Karine Elharrar, who suffers from muscular dystrophy, said that she couldn’t even get to the conference venue in Scotland’s largest city because the transportation she had been offered wasn’t suited for her wheelchair.
“The only way they said I could come in was to walk on foot for almost a kilometer, or to board a shuttle which was not wheelchair accessible,” Elharrar told Israel’s Channel 12 news.
“I came with certain goals, and I couldn’t achieve them today,” she regretted, describing the whole situation as “scandalous.”
“The UN calls on everyone to adhere to the international treaty,” the minister said, apparently referring to the 2008 Convention on the Rights of Persons with Disabilities. “So it is appropriate for there to be accessibility at its events.”
Israeli foreign minister Yair Lapid also grilled the British organizers over the blunder, insisting that it was “impossible to worry about the future, the climate and about people if we do not first take care of human beings, accessibility and disabilities.”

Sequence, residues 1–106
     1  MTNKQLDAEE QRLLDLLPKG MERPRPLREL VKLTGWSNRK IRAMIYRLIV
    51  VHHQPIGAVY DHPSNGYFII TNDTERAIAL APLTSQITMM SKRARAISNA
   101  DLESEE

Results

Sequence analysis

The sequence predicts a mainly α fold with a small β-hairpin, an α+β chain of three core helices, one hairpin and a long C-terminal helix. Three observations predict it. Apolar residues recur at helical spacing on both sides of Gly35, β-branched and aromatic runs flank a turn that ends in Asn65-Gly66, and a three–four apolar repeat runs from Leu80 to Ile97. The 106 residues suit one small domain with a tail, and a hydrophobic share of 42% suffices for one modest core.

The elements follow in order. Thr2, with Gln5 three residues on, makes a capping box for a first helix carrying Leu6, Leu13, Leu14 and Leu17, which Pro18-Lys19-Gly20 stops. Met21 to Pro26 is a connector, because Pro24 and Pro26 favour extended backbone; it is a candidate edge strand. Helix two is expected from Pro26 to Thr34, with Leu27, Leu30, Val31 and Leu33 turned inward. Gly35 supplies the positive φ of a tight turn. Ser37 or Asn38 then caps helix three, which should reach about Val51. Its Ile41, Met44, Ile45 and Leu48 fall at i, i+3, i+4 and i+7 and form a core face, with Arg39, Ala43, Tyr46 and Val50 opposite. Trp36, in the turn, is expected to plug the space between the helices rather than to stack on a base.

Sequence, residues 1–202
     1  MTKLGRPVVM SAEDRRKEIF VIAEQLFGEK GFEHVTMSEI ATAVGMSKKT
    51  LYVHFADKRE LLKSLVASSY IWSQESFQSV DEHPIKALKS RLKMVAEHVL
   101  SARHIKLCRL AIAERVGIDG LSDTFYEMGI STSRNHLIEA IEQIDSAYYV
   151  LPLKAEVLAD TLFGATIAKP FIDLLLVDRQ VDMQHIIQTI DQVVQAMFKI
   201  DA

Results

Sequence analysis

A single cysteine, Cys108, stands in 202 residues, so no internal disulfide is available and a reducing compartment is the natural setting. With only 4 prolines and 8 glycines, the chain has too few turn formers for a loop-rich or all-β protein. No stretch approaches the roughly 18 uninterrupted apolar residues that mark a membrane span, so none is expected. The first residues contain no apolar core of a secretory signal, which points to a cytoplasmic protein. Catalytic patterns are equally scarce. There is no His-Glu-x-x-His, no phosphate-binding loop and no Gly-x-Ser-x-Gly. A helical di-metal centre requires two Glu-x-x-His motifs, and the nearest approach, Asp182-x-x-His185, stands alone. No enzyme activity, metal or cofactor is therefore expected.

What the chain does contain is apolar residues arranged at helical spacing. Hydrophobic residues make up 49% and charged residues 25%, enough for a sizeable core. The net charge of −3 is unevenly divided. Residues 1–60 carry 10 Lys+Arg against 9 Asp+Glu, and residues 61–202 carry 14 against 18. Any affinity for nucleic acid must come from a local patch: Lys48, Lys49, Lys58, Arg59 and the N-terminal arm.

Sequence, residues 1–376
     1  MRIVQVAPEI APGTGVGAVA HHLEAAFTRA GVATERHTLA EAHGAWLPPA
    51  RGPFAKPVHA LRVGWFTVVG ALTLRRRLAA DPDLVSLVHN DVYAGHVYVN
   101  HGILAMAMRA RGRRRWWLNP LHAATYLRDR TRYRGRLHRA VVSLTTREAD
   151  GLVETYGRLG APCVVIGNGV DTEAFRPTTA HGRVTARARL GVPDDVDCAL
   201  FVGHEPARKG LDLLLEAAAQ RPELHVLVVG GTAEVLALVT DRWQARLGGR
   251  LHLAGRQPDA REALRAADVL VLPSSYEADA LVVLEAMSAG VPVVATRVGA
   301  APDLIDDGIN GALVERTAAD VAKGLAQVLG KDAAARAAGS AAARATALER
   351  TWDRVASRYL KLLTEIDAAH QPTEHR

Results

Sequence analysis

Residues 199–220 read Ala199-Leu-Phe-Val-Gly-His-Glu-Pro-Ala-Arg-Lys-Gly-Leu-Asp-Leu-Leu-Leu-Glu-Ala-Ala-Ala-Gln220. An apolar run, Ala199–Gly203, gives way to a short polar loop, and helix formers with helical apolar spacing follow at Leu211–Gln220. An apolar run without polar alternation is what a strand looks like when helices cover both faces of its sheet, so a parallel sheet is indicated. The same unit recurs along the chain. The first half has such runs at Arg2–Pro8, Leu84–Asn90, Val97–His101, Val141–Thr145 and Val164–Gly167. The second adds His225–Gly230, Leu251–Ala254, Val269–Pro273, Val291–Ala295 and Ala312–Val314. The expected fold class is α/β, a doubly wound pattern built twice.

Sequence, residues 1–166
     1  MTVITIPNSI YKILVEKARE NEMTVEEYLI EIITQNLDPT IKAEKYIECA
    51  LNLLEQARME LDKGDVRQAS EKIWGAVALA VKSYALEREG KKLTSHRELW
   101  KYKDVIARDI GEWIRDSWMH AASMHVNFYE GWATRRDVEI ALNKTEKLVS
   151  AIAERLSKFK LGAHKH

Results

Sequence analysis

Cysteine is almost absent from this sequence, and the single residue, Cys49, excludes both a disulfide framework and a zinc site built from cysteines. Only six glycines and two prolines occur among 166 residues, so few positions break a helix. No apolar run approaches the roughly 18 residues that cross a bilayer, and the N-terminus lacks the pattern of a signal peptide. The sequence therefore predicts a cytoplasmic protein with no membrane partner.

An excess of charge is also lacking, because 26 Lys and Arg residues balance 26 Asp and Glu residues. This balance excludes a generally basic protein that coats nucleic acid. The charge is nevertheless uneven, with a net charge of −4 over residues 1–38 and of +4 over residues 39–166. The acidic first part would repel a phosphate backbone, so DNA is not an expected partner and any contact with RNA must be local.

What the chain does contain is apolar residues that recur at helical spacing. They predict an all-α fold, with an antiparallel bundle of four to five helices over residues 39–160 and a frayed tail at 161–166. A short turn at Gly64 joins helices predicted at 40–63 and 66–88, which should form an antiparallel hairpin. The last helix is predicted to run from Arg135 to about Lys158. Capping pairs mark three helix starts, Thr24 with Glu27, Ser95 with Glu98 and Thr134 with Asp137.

The UK ambassador to Israel, Neil Wigan, took to Twitter to “apologize deeply and sincerely” to the minister. Britain was looking to make the climate summit “welcoming and inclusive to everyone,” he assured.
Israeli Prime Minister Naftali Bennett and his British counterpart Boris Johnson have already agreed to make sure that Elharrar would be joining their formal meeting on Tuesday, a member of the Israeli delegation told Ynet website.
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